FIG. 1 illustrates a representative system, including a telephone device, for implementing a telephone conversation. In FIG. 1, the telephone device is embodied as a speakerphone 100, for purposes of illustration. Speakerphone 100 includes a loudspeaker(s) 102 affixed to the speakerphone and at least a first microphone 104 and a second microphone 106 included with a plurality of microphones which may number up to eight or more microphones. Loudspeaker(s) 102 may be comprised of one or more loudspeakers to enhance audio quality. While only a single loudspeaker is shown, multiple loudspeakers may provide for frequency or spatial diversity or both or stereophonic production of audio. Frequency diversity is used where the speakers have differing frequency ranges. Spatial diversity is where speakers are located in differing areas to provide for better production of sound. The microphones are shown to be affixed to the speakerphone, in other examples, the one or more of the microphones may be remote, and not affixed to the speakerphone.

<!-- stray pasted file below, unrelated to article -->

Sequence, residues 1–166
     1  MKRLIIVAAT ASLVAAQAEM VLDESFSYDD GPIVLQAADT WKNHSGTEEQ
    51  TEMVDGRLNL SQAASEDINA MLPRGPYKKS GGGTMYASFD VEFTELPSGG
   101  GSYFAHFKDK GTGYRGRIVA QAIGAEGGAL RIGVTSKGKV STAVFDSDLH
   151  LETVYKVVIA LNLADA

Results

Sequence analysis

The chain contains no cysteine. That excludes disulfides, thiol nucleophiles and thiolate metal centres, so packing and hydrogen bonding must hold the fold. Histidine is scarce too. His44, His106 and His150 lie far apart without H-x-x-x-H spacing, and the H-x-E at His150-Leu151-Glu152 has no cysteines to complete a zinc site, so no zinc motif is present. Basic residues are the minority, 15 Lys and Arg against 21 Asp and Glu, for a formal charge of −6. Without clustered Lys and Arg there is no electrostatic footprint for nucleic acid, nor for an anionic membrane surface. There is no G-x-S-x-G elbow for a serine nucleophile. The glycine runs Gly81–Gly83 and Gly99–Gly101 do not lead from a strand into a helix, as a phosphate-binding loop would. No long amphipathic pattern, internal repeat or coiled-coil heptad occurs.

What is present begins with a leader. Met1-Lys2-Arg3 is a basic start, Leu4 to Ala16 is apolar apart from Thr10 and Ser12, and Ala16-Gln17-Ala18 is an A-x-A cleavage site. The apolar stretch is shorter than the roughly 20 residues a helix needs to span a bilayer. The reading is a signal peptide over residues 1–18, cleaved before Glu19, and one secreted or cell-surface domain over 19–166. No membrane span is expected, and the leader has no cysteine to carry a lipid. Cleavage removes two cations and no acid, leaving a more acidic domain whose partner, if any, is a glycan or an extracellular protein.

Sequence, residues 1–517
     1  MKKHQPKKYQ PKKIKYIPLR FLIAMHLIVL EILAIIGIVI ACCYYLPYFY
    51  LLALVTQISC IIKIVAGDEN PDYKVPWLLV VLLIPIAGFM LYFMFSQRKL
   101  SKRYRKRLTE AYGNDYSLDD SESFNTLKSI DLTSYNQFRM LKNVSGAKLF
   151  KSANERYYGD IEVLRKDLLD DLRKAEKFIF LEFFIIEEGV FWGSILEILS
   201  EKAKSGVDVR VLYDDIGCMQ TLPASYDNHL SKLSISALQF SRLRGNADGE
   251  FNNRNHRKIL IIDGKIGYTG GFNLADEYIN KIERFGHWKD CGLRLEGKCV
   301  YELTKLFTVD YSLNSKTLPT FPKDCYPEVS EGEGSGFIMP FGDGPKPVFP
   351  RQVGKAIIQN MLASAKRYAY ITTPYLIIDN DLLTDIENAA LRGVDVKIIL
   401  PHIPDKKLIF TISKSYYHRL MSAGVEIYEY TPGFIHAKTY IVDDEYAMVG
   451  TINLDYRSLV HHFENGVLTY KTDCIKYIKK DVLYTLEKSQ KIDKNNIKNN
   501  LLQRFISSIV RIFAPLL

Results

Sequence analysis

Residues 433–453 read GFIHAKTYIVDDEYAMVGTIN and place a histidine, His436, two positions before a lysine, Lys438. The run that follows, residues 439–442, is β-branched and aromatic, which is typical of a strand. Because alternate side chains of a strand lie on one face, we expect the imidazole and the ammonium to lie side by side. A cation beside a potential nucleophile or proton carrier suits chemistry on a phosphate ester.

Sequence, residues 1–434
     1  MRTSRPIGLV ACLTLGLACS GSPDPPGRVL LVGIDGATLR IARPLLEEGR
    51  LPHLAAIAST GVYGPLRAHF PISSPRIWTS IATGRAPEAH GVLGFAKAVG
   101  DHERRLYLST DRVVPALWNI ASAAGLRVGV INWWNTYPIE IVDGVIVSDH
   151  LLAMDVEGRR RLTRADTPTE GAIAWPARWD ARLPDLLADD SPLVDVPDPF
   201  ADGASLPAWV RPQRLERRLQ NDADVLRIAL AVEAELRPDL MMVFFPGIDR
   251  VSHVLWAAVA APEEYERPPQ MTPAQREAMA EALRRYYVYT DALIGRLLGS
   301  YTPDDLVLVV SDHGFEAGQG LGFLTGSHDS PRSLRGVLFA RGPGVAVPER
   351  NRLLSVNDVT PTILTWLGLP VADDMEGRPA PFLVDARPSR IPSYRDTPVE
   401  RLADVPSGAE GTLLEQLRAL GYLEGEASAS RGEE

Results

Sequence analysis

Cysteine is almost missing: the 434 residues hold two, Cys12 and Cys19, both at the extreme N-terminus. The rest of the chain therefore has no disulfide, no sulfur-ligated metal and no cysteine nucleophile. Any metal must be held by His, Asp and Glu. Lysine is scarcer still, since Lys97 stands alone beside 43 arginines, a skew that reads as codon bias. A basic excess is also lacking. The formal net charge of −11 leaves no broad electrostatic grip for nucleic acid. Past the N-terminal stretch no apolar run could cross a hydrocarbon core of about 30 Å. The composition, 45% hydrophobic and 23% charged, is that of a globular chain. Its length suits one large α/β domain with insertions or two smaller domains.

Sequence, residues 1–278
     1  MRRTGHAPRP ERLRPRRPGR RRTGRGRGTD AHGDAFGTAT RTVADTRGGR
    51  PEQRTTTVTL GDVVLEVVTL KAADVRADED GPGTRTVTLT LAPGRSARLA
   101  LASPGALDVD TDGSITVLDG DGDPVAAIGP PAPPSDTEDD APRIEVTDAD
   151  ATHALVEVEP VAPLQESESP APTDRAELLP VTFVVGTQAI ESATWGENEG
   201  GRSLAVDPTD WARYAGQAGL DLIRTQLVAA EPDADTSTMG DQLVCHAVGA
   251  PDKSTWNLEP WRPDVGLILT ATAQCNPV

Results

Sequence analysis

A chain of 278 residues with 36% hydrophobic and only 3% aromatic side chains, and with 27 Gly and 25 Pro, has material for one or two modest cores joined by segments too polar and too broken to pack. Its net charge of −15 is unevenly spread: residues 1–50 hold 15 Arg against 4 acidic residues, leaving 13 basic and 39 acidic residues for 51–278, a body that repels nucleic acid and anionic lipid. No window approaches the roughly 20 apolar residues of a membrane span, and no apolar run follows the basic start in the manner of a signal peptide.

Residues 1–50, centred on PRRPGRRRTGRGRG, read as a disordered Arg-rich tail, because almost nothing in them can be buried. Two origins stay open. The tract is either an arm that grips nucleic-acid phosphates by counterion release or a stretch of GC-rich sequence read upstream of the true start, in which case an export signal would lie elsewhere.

The telephone device (embodied as speakerphone 100) may include any device that can function as a terminal for telephony (or that is adapted to facilitate telephonic communications), which may include telephony by wired or wireless channels or combinations thereof. A telephone device may include any of several kinds of customer-premises equipment or customer-provided equipment (CPE), and may include, for example, a portable telephone, a walkie-talkie, cell phone, smartphone, super phone, a desktop or conference room telephone, or a telephone application or process running within a personal digital assistant, tablet, laptop, personal computer. Thus, speakerphone 100 need not be limited to a single functioning speakerphone and may also have a selectable handset mode where the user's head is in close proximity to the microphones and/or speaker. Speaker and microphone placement may vary depending on the implementation of the speakerphone. Digital beamforming has on advantage of allowing the speakerphone to be incorporated in a number of varying environments, such as an automobile, a conference room or a desk top speakerphone where microphone and speaker placement may be varied in response to the environment, the intended application or other factors. In another benefit, additional beamforms may be produced from the same microphones. In one example an additional beamform(s) having additional gain directed toward a near-end talker(s) can enhance the reception of the desired audio signal and can provide a higher quality audio signal to the far-end equipment.